How I write short pieces: ‘We Serve Beer As Cold As Your Ex’s Heart.’

10 Dec


Warning: contains spoilers! (If you’d like to read the story first click here.)

Over the summer I decided to write some short pieces, mainly flash fiction with one or two short stories thrown in for fun. Oh yes, I know how to enjoy myself.

By the end of August I had seven new pieces of writing, one of which – We Serve Beer As Cold As Your Ex’s Heart – will soon be published on the Expanding Horizons website, I’m very happy to say. That piece, like any other I’ve written, went through several editing stages, and I thought it might be helpful, and hopefully interesting, to share these.

The inspiration for the story came from a sign outside a pub that I spotted in Jersey in July. It was the week when temperatures got up to 36 degrees and the pub’s owner had wisely recognised that an ice-cold beer would be on the minds of many potential punters. For me, that sign got me thinking.

One particular thought bounced around my head for a few days until I got home and switched on the laptop. I wanted my story to be about getting over an ex, so I spent a bit of time researching the usual stages of grieving for a relationship and the likely behaviour of someone going through that process. Obviously I’ve had ex’s myself, but I find research useful to back up and build on my own experiences.

My other preparation for writing had been spending the previous few weeks reading short story anthologies. I find this helps my brain get into the right mode, as I subconsciously absorb the format and particularities of the short story. Beyond that, I felt ready to write a first draft, as I had a good, simple premise. That’s not always the case; often I’ll get an idea and have to spend time mulling it over and figuring out details of plot and character.

So, I sat down at the laptop. When I’m writing a short piece, so long as I have a decent grasp on the plot I don’t find myself making a lot of conscious decisions. For Beer As Cold I was mainly thinking about the beverages which my protagonist was going to be served and the effect they’d have on him.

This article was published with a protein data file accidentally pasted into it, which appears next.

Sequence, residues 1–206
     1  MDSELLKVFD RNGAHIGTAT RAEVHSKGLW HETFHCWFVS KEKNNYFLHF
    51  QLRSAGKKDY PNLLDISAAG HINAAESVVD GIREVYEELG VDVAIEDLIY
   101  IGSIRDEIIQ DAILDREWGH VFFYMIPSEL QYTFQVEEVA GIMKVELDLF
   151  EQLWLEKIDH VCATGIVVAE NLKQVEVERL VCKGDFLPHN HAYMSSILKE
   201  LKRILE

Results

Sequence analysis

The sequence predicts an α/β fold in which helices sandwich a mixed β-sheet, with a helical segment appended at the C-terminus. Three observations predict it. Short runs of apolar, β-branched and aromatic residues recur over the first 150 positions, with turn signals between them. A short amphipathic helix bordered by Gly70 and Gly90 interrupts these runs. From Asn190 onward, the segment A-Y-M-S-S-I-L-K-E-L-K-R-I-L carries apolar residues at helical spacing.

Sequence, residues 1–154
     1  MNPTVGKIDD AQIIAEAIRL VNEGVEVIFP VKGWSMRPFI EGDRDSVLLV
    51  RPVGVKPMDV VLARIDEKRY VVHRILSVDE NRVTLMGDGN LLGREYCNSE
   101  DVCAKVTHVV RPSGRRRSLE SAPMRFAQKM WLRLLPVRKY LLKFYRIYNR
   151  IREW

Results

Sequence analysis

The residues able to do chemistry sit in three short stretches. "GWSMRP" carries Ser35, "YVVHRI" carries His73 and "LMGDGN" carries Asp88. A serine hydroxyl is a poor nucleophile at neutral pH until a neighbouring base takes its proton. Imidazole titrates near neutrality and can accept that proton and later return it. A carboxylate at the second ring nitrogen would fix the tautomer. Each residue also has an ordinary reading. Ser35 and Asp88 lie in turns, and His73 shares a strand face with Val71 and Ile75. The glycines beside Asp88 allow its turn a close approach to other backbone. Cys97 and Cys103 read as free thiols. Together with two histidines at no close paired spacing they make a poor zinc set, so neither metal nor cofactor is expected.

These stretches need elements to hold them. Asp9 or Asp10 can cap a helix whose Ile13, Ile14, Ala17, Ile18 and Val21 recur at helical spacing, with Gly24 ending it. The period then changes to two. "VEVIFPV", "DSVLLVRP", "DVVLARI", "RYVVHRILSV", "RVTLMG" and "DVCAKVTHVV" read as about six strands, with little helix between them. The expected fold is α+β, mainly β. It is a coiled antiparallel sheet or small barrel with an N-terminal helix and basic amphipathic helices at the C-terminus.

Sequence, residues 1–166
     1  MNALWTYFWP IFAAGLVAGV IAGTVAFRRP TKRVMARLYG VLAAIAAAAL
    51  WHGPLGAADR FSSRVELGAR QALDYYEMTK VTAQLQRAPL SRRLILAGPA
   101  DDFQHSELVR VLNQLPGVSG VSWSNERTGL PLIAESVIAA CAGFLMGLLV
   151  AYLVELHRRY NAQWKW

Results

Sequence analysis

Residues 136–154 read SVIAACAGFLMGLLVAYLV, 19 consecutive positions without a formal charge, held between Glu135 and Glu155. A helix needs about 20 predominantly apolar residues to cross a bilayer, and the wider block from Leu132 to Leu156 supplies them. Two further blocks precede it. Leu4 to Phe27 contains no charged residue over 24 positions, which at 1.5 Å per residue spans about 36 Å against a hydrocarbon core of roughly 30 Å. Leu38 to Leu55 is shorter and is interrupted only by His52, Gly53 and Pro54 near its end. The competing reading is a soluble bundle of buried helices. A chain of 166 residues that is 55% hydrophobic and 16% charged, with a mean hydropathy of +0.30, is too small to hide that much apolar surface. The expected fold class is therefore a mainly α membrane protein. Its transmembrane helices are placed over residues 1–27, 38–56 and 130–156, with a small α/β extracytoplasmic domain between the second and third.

The first draft wasn’t bad (I’ve written far worse) but certainly one that required some polishing. So I left the story for a few days and then came back to it and tidied it up, cutting out unnecessary words where possible, checking for repetition or poor grammar. After that I decided – in my usual, slightly terrified manner – to send it to a writer friend whose opinion I trust, and who is very good at pinpointing exactly why a story isn’t working.

She pinpointed exactly why the story wasn’t working. It was a clarity issue, because I hadn’t quite conveyed what was in my head. My opening paragraph didn’t make it obvious exactly what was happening, and one or two sections needed expanding to get across what the reader needed to know. I did another edit and sent it back to her, and this time, she gave it the thumbs up.

Now that the story was ready – perhaps not in its final state, but ready enough – I looked at the bank of websites I have saved in my favourites as places to submit work to, and chose one that felt like a good match. The work was rejected, so I cheerfully noted that in my submissions spreadsheet (I love spreadsheets, I know this makes me weird and I’m perfectly happy with that). I did another edit of the piece, deciding to cut the final paragraph as I felt it was unnecessary. Then I sent it out again.

When the reply from Expanded Horizons came, it started off like any other rejection email. Except they said they wanted my story. I might have done a bit of fist pumping at that point. Then cheerfully noted it in my submissions spreadsheet.

And that is my writing (and publishing) process for short pieces.


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